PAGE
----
Here’s a point that doesn’t get discussed very often. What about the Native American that take great pride in Native Americans logos and aren’t offended by the names and logos? There are quite a few out there. Do we just discount and ignore them?

I don’t know, I don’t think so.

If 70% of the Native Americans aren’t offended by the sports teams that use Native American names and logos that means a majority of Native Americans aren’t offended. What are we suppose to glean from that?

I predict that there’s going to be great pressure on teams that use Native American nicknames and imagery very soon. I see it coming. It’s just a matter of time before the pressure is on the Blackhawks, Seminoles, Chippewa’s and Utes to change their names and logos. It’s coming. Mark it down.

Thursday, June 19, 2014

Seattle Times, “Redskins” nickname offensive and outdated



I am going to ask UND fans, do you see anything similar here? Is so, what? Feel free to give your feed back.
Don Shelton, Seattle Times – It’s time to ban the use of “Redskins,” the absurd, offensive and outdated name of the NFL team in Washington, D.C.

Past time, actually.

We’ll probably receive scathing emails, letters, phone calls and reader comments telling me we’re too PC, that the name actually honors Native Americans or that we have no right to change a team’s official name.

Everyone’s entitled to an opinion – even if I don’t buy it.

We’re banning the name for one reason: It’s offensive. Far from honoring Native Americans, the term colors an entire race. Many Native Americans consider it an outdated label placed on their people.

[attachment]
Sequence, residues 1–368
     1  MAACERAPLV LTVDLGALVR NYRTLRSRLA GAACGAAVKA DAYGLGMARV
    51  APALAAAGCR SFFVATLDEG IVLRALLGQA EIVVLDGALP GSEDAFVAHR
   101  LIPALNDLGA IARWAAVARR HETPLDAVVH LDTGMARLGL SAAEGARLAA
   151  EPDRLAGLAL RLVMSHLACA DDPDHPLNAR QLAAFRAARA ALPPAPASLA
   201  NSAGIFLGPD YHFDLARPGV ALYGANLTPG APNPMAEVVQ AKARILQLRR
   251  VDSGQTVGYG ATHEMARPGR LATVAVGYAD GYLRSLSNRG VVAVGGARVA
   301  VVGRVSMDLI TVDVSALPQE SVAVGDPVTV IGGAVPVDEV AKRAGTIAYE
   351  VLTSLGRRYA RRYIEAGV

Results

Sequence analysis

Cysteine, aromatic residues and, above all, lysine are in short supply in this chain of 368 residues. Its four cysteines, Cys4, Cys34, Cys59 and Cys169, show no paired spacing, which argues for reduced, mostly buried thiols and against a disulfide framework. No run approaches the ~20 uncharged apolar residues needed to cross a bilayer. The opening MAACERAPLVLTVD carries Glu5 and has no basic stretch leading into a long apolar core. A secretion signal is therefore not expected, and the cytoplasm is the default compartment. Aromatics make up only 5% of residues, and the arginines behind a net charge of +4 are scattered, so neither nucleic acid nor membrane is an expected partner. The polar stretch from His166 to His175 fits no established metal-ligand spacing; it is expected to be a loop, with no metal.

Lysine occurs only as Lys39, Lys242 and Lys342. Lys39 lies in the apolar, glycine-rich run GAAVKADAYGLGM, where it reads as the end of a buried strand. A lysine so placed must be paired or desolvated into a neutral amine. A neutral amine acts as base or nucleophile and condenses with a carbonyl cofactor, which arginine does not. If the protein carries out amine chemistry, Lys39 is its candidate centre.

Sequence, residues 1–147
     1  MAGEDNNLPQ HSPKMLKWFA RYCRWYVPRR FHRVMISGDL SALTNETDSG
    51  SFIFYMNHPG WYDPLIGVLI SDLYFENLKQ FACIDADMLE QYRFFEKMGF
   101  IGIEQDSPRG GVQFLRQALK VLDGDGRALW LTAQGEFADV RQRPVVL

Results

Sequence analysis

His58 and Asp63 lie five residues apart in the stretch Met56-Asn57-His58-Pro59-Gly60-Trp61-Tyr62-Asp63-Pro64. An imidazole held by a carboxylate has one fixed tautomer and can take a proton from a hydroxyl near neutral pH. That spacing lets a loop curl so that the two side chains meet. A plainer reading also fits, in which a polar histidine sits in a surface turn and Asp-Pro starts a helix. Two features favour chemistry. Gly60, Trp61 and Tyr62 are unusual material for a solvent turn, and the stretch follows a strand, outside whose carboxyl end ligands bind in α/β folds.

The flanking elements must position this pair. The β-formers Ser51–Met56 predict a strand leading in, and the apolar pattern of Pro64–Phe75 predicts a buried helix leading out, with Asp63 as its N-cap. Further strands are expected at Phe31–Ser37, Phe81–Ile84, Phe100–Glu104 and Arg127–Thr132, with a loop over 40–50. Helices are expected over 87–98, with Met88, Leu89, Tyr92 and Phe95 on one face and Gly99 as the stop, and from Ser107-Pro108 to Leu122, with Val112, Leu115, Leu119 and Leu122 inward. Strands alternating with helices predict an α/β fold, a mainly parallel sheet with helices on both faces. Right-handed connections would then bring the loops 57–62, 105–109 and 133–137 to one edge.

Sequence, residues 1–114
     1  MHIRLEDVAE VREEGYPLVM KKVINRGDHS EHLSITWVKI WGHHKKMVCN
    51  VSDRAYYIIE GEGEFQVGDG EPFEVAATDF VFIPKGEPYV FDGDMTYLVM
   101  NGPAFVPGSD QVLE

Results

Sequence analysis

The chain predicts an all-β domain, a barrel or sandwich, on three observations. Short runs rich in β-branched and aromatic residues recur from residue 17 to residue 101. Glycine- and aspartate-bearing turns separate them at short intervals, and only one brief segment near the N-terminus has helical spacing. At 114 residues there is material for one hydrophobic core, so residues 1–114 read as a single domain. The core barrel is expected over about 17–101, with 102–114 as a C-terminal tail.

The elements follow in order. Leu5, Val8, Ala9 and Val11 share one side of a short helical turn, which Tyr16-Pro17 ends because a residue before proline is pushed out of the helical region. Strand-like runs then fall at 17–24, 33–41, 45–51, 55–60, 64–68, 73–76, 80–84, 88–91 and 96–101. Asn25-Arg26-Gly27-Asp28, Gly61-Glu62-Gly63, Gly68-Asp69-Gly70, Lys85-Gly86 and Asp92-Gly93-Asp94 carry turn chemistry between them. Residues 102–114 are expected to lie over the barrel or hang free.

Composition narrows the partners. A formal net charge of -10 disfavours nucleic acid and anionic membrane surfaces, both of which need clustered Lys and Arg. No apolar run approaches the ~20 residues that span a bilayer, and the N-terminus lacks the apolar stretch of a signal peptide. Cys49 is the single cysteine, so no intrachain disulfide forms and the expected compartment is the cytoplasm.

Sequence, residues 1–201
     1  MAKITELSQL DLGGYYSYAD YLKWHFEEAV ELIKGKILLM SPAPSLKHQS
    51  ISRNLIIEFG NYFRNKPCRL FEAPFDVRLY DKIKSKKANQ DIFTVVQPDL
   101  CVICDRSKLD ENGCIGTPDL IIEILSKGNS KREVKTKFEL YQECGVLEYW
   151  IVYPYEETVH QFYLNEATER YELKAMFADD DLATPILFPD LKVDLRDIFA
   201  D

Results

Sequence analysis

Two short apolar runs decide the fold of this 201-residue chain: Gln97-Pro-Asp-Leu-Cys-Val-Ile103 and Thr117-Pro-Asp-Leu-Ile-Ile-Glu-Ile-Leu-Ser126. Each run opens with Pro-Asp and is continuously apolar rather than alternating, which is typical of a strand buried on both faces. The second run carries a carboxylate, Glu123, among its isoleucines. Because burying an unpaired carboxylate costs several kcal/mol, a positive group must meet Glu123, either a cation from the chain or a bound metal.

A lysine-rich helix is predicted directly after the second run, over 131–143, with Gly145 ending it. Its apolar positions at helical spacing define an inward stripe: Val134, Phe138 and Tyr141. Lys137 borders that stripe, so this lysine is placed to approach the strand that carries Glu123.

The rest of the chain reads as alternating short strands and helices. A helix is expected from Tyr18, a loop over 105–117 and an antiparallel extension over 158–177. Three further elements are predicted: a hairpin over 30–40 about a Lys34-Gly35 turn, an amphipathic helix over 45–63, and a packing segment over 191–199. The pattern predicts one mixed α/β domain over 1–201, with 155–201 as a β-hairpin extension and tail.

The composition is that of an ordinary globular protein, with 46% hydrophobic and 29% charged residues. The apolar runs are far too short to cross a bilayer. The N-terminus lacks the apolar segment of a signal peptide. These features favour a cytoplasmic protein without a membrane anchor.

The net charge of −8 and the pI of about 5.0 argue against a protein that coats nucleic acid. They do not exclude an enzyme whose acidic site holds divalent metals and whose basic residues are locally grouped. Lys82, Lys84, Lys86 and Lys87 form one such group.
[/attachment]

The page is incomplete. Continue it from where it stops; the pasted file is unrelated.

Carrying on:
Randy Lewis, a member of the Colville Confederated Tribes who is a board member for United Indians, didn’t pull any punches when asked what he thought.

“I find it as offensive as black people find the N-word,” he said. “They say they’re trying to dignify or honor something with it. It doesn’t dignify us. It doesn’t honor us. It doesn’t make us feel good about ourselves.”

Wednesday, June 18, 2014

United States Patent and Trademark Office Cancels the Redskins Trademark



So, The United States Patent and Trademark Office has cancelled the Redskins trademark registration. Another overreach by the Federal Government. This ruling doesn't mean that the Redskins need to change their name, yet. But this does mean that others could make money of the Redskins logo now.
Washington PostThe United States Patent and Trademark Office has canceled the Washington Redskins trademark registration, calling the football team’s name “disparaging to Native Americans.”

The landmark case, which appeared before the Trademark Trial and Appeal Board, was filed on behalf of five Native Americans. It was the second time such a case was filed. “This victory was a long time coming and reflects the hard work of many attorneys at our firm,” said lead attorney Jesse Witten, of Drinker Biddle & Reath.

Federal trademark law does not permit registration of trademarks that “may disparage” individuals or groups or “bring them into contempt or disrepute.” The ruling pertains to six different trademarks associated with the team, each containing the word “Redskin.”